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Jesus & power (2)

What did Jesus do with the power God had given Him?
 
He used it to identify with the weak.
Only those who are strong are able to do this to and Christ did it from the beginning of His ministry when He stood among the penitent waiting to be baptized by John until the end when He was raised up between two criminals. His association was genuine. He wasn't there to have His picture taken with them and move on --- He was there to transform lives.  So complete was his identification that He was looked upon as weak (Luke 7:33-34; 2 Corinthians 13:4). 

There is much for us here because the truth is, the church is never going to win any "who’s hot" awards (and only God knows why some keep trying). Paul reminded the prideful Corinthians that by the world’s way of gauging things, they were losers (1 Corinthians 1:26ff). No, our presence among the poor, the hungry, and the hurting is a sign of the kingdom of God (Luke 4:18ff).

Christ used His power to acknowledge His weakness (dependency upon His Father). Pilate was under the impression that the authority he exercised was uniquely his own, but Jesus let him know that all power came from the Father (John 19:11). He told anyone who would listen things like, "the Son can do nothing by himself; he can do only what he sees his Father doing," (John 5:19),and "My teaching is not my own. It comes from the one who sent me," (7:16). His prayers were characterized by asking that God's will be done (Matthew 6:10, 26:39,42-43).

There's real power when we come face to face with the fact that we are all in need of God’s grace and strength.  It's a spiritual tipping point when we come to the understanding that the only way we will stand is if we are "strong in the Lord and in His mighty power," (Ephesians 6:10). Little by little we learn to "delight in weaknesses, in insults, in hardships, in persecutions, in difficulties," (2 Corinthians 12:10), for when we are weak we are strong.

Jesus used His power to embrace suffering and death. This is perhaps the most difficult aspect of kingdom power to grasp. When Jesus began to explain to His disciples that being the Christ meant suffering and dying (and being resurrected --- Matthew 16:21), Peter would have nothing to do with it.  No Messiah he followed would speak in such a way! Even today disicples struggle to understand how kingdom power is compatible with death. But Jesus understood that through death would come life --- not just for Him, but for others as well.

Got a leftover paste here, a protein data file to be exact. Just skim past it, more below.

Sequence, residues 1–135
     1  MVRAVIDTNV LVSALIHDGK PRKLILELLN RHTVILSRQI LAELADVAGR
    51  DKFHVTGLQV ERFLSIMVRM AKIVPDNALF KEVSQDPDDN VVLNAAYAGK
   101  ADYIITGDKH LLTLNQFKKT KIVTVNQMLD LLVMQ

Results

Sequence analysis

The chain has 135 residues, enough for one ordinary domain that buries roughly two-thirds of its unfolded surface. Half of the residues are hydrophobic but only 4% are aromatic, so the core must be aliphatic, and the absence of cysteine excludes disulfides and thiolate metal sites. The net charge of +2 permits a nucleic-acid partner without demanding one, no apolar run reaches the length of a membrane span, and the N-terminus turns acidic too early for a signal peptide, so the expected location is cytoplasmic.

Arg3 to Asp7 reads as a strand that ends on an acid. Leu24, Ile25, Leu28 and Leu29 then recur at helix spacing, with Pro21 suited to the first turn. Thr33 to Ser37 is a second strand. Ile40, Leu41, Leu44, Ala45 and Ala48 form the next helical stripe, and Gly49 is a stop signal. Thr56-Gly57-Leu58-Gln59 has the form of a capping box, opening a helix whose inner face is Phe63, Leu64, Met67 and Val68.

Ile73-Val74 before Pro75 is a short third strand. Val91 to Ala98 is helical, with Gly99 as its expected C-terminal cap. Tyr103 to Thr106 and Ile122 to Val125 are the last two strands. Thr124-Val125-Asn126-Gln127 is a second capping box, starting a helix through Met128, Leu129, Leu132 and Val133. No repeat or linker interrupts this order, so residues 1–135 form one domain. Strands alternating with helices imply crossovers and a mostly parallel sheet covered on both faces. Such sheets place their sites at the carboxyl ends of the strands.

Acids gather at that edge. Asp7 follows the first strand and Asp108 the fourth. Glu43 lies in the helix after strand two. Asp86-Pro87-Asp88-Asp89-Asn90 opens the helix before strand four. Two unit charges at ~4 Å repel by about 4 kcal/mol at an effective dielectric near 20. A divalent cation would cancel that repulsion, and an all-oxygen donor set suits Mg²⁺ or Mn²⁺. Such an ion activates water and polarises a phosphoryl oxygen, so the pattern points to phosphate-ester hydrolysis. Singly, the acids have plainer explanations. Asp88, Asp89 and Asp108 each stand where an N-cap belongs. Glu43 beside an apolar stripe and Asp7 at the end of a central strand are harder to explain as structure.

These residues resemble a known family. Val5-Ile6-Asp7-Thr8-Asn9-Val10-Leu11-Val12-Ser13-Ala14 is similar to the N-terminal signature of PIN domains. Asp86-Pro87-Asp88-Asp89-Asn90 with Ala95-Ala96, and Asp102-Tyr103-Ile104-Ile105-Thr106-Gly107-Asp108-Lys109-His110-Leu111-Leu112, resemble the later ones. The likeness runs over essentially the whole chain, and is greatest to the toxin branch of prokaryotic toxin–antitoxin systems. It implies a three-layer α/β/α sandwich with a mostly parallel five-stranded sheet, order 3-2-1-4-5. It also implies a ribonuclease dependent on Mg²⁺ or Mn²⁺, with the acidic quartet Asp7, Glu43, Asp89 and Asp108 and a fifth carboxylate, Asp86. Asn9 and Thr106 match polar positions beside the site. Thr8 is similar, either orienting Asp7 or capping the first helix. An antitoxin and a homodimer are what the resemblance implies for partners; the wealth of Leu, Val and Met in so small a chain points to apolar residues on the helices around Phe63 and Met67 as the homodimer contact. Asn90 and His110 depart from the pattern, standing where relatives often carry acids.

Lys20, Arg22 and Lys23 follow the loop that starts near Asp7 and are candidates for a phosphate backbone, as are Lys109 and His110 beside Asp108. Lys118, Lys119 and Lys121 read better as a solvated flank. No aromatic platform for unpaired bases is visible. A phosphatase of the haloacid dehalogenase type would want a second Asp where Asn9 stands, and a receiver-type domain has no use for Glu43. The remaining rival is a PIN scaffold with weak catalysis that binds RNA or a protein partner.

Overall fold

What happened at Calvary was that through the power of love, Jesus embraced the cross.  He did this for His Fahter.  He did it for His disciples.  He did it for us. 
 
However, it's also true that the love of power played a part in the crucifixion.   
It was the envy/self-interest of the Jewish leaders (Matthew 27:18). It was the same with Herod (Luke 23:12) and Pilate (John 19:6ff).  All of them acted in their interests, for their own preservation and advancement rather than doing what was right. All they cared about were themselves.   
 
Of course, the story doesn't end at the cross.  It can't.  It can't because love had the last word and love never fails.  It doesn't matter that all of His disciples have given up in Him.  It doesn't matter that there's a stone, a seal, and soldiers there to guarantee that the body of Jesus remains in the grave.  It doesn't matter that it's the third day since His death.  All that matters is that the power of lover goes up against the love of power and when all is said and done, it is the power of love that triumphs. 
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